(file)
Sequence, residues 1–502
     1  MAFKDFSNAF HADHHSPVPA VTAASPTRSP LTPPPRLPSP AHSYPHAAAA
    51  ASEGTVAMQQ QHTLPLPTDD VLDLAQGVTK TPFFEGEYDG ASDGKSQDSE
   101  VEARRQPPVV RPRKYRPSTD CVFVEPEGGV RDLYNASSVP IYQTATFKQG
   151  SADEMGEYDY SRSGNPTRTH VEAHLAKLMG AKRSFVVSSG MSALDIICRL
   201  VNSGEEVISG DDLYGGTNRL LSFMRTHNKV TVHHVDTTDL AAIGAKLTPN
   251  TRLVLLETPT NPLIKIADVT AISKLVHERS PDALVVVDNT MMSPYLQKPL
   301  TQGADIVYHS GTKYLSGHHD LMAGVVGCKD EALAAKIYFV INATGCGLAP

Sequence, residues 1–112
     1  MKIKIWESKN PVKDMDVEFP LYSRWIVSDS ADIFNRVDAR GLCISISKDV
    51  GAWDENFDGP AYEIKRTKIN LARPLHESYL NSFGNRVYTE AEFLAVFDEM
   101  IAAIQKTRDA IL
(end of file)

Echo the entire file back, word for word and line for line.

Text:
Sequence, residues 1–502
     1  MAFKDFSNAF HADHHSPVPA VTAASPTRSP LTPPPRLPSP AHSYPHAAAA
    51  ASEGTVAMQQ QHTLPLPTDD VLDLAQGVTK TPFFEGEYDG ASDGKSQDSE
   101  VEARRQPPVV RPRKYRPSTD CVFVEPEGGV RDLYNASSVP IYQTATFKQG
   151  SADEMGEYDY SRSGNPTRTH VEAHLAKLMG AKRSFVVSSG MSALDIICRL
   201  VNSGEEVISG DDLYGGTNRL LSFMRTHNKV TVHHVDTTDL AAIGAKLTPN
   251  TRLVLLETPT NPLIKIADVT AISKLVHERS PDALVVVDNT MMSPYLQKPL
   301  TQGADIVYHS GTKYLSGHHD LMAGVVGCKD EALAAKIYFV INATGCGLAP

Sequence, residues 1–112
     1  MKIKIWESKN PVKDMDVEFP LYSRWIVSDS ADIFNRVDAR GLCISISKDV
    51  GAWDENFDGP AYEIKRTKIN LARPLHESYL NSFGNRVYTE AEFLAVFDEM
   101  IAAIQKTRDA IL